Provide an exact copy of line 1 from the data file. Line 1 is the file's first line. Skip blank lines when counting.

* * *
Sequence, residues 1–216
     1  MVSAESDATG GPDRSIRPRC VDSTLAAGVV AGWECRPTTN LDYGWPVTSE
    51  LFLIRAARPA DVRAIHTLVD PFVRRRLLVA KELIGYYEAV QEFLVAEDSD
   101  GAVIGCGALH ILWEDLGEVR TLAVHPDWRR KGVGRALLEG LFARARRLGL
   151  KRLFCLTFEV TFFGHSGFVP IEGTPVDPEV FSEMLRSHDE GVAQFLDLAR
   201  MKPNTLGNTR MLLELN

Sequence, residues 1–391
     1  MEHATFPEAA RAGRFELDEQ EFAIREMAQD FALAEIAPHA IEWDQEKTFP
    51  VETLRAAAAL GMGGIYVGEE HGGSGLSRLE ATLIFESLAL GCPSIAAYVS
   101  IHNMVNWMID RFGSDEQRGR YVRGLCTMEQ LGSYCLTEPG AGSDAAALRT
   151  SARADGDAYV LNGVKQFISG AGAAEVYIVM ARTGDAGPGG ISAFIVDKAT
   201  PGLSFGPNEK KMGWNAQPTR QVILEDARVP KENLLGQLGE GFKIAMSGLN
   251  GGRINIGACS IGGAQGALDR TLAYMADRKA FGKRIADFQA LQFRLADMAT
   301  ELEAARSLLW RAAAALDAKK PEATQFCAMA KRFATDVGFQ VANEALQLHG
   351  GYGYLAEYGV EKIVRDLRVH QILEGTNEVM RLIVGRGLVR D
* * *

Sequence, residues 1–216